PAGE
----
Sharpening and Removing Color Noise

You will now learn techniques to both sharpen and blur images to enhance edges and remove unwanted color noise.

Open the file Basilique St Nazaire de Carcassonne.jpg from the CD. A version of this image is included in the color section.

Choose Filter > Sharpen > Unsharp Mask to open the Unsharp Mask dialog box, as shown in Figure 3.22.

Change Amount to 100%, Radius to 2.0 pixels, and Threshold to 3 levels, and click OK.

NOTE For best results when using Unsharp Mask, the Amount slider should range only from 50% to 100%, Radius between 1 and 3 pixels, and Threshold between 3 and 10 levels. Although greater amount and radius values result in increased sharpening, threshold is counterintuitive with greater sharpening occurring with fewer levels.

4. Immediately choose Edit > Fade Unsharp Mask, or press Shift+Ctrl+F to open the Fade dialog box (see Figure 3.23). Fade only works immediately after you perform an action. If you select another tool, Fade will not work.

Figure 3.22

The Unsharp Mask dialog box

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Figure 3.23

Fading the last command

5. Click the Mode pop-up and select Luminosity. Leave the Opacity slider at 100% and click OK. By fading all but this blending mode, you are effectively sharpening only the luminosity, where the detail in the image resides.

TIP For close-up images of people, try sharpening only the Red channel in RGB color mode. This will produce the least amount of edge detail and helps keep skin smooth.

6. Even though you only sharpened the luminosity, some color halos in the stained glass have resulted from the increase in contrast. You can remove this color noise by using blur. Choose Filter > Blur > Gaussian Blur to open the Gaussian Blur dialog box.

TIP Professionals always use Unsharp Mask and Gaussian Blur because they offer the most options of the available tools in Photoshop.

7. Set the Radius to 2 pixels and click OK. You want a heavy blur to obscure any color noise brought out by sharpening.

8. Press Shift+Ctrl+F to open the Fade dialog box. Choose Color from the Mode pop-up and click OK.

By fading all but this blending mode, you are effectively blurring only the color, where halos and noise reside. Figure 3.24 shows a grayscale version of this image. A version of this image is also included in the color section for a "before and after" comparison.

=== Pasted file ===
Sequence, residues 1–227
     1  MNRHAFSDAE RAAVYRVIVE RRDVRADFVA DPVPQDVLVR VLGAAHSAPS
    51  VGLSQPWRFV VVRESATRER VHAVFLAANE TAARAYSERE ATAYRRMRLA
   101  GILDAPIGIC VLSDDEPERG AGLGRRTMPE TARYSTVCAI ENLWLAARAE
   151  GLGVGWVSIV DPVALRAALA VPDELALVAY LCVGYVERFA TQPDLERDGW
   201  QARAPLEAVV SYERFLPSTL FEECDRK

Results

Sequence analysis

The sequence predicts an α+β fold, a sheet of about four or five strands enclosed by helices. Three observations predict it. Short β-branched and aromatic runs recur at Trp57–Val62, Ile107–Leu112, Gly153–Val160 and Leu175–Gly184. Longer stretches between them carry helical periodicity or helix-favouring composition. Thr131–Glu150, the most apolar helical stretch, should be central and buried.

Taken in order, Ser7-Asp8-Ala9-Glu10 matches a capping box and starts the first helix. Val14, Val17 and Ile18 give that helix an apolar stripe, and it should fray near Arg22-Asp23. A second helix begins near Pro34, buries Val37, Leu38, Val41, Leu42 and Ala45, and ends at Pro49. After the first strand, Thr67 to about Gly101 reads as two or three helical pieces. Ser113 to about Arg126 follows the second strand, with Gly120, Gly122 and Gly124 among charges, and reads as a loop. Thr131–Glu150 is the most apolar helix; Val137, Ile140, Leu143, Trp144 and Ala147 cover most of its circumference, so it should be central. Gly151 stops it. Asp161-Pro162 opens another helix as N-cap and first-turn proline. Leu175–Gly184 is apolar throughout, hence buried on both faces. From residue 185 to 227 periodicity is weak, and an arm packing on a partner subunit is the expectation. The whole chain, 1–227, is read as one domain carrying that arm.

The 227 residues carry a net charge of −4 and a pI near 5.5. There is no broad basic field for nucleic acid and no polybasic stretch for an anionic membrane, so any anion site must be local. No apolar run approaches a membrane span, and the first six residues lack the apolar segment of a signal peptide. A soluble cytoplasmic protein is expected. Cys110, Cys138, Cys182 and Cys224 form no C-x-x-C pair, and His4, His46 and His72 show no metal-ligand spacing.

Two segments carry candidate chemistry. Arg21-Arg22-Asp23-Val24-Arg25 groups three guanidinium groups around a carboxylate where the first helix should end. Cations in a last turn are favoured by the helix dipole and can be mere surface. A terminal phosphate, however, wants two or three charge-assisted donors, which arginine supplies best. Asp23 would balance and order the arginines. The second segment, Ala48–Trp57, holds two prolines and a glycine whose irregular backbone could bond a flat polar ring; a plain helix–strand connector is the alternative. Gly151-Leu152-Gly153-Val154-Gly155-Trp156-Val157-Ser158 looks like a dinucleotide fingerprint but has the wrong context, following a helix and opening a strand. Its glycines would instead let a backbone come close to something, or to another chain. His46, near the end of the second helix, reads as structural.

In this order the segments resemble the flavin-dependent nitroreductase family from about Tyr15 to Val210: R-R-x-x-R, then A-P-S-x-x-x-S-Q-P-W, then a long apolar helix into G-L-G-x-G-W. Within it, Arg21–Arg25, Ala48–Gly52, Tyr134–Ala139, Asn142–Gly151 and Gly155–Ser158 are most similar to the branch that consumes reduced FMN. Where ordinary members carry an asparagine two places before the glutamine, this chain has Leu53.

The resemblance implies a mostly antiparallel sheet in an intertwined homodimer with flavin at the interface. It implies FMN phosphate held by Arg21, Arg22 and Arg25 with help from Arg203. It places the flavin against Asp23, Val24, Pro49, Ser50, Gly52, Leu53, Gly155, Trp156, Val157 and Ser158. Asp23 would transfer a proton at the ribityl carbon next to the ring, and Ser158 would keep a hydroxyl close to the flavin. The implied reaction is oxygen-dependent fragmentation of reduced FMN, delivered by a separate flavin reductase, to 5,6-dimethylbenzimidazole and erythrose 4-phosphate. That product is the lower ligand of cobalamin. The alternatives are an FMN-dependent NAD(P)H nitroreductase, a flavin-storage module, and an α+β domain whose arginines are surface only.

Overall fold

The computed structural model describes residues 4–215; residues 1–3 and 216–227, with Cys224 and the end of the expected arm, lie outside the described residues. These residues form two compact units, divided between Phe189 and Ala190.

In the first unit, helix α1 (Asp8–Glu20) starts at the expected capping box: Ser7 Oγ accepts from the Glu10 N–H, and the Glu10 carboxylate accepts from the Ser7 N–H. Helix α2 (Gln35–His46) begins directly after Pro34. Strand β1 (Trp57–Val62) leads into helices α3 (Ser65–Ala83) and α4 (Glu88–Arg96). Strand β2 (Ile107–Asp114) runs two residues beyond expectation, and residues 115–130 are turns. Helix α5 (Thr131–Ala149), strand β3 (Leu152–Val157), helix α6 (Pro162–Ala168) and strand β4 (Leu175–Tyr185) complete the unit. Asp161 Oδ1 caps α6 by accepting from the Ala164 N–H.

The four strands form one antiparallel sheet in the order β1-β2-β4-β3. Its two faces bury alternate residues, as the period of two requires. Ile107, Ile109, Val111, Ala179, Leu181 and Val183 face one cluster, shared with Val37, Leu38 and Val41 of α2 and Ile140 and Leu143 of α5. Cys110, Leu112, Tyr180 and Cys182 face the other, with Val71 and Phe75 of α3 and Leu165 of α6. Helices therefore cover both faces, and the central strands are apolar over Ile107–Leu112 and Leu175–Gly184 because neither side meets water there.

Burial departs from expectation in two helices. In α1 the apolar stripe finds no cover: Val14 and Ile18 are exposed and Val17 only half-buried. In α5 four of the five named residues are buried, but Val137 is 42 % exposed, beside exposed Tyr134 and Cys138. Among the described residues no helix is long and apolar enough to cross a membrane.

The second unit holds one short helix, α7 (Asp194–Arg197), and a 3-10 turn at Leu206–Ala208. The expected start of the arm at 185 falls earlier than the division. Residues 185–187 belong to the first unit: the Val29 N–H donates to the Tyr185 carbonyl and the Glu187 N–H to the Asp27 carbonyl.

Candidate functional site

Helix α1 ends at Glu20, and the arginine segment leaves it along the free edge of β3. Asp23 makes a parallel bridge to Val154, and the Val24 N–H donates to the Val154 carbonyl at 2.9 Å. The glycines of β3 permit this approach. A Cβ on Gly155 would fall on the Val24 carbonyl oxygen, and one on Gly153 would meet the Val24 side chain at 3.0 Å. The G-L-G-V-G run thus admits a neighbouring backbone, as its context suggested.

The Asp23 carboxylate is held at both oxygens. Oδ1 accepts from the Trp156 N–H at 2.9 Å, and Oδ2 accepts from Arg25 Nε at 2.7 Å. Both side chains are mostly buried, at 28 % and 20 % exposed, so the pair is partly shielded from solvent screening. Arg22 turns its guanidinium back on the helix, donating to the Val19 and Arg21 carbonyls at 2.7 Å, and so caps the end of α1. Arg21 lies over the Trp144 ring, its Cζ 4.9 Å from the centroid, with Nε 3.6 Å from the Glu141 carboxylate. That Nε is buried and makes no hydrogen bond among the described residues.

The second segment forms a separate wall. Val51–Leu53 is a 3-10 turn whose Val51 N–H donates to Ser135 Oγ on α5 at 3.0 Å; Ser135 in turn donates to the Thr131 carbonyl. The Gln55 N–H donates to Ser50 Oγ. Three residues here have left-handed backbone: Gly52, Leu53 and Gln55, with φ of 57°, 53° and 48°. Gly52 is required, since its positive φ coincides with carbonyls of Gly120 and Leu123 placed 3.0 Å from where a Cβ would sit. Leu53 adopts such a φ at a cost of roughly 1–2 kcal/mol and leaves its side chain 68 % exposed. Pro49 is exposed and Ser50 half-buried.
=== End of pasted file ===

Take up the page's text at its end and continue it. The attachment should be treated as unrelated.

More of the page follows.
A technique many professional photographers use starts by converting an RGB image to Lab color mode. They sharpen the Lightness channel, which carries the luminosity detail, and blur the two color channels (a and b) before converting back to RGB. This has an effect almost identical to the technique just presented.

On the other hand, you can use a layer-based technique for more flexibility. Start by duplicating your background layer, sharpen the new layer, and convert its blending mode to luminosity. Duplicate another layer, blur it, and convert its blending mode to color. You can then adjust the amount of sharpening and blurring by adjusting the opacity of the corresponding layers.

Whichever technique you choose, it helps to record the steps you take as an action to save time. You can then apply the action with one click to sharpen your image and remove the noise all at once. Let's make an action for the first technique presented in this section.

1. Click the Actions palette to select it. Click the Create New Action button along the lower edge of the palette to open the New Action dialog box.

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2. Type Sharpen and Blur for the name of your new action, and click Record.

3. Repeat steps 1 through 8 in the previous exercise to sharpen the luminosity and blur the color in the stained glass image.

4. Click the Stop Playing/Recording button on the lower edge of the Actions palette. That's it— your action is ready for use on other images.

5. If you want the option to set parameters in the Unsharp Mask and Gaussian Blur dialog boxes when you apply the action, toggle on the dialog box icons as shown in Figure 3.25.

Figure 3.25

Click the icons next to Unsharp Mask and Gaussian Blur to toggle the dialog boxes "on."

6. Choose File > Revert to test your recorded action in this image.

7. Click Sharpen And Blur in the Actions palette. Click the Play Selection button along the lower edge of the Actions palette.

8. You will see both the Unsharp Mask and Gaussian Blur dialog boxes appear, giving you a chance to alter the parameters to suit whichever image you are working on. Click OK to close each dialog box. Your action successfully automated this process and reduced the number of steps you have to perform.

9. Close the file without saving when you're finished.

TIP Any time you find a series of steps tedious, record an action and reduce a lengthy series of steps to a few. You'll save tons of time in the long run.

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